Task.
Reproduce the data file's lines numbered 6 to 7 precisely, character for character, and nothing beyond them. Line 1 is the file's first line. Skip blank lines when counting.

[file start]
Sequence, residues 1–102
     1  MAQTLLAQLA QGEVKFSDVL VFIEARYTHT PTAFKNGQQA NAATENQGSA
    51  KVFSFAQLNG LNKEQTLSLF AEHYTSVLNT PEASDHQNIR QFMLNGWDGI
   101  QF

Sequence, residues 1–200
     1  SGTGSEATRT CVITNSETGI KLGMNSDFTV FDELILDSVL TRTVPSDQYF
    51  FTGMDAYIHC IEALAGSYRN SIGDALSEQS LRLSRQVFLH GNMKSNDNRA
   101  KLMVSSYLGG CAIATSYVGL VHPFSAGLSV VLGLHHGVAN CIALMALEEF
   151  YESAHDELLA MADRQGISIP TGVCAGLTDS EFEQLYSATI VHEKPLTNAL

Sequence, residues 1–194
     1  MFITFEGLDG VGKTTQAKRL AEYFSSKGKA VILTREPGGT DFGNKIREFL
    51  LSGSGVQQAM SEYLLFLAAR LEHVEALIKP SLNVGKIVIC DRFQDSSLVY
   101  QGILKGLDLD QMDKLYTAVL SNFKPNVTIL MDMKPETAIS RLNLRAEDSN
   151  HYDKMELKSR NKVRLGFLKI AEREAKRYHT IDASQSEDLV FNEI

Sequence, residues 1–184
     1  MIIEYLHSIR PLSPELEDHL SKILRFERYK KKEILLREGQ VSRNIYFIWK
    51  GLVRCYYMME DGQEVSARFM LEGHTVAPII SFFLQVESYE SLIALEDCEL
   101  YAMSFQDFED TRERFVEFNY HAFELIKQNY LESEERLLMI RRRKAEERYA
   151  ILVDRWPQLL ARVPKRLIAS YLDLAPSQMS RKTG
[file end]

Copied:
     1  SGTGSEATRT CVITNSETGI KLGMNSDFTV FDELILDSVL TRTVPSDQYF
    51  FTGMDAYIHC IEALAGSYRN SIGDALSEQS LRLSRQVFLH GNMKSNDNRA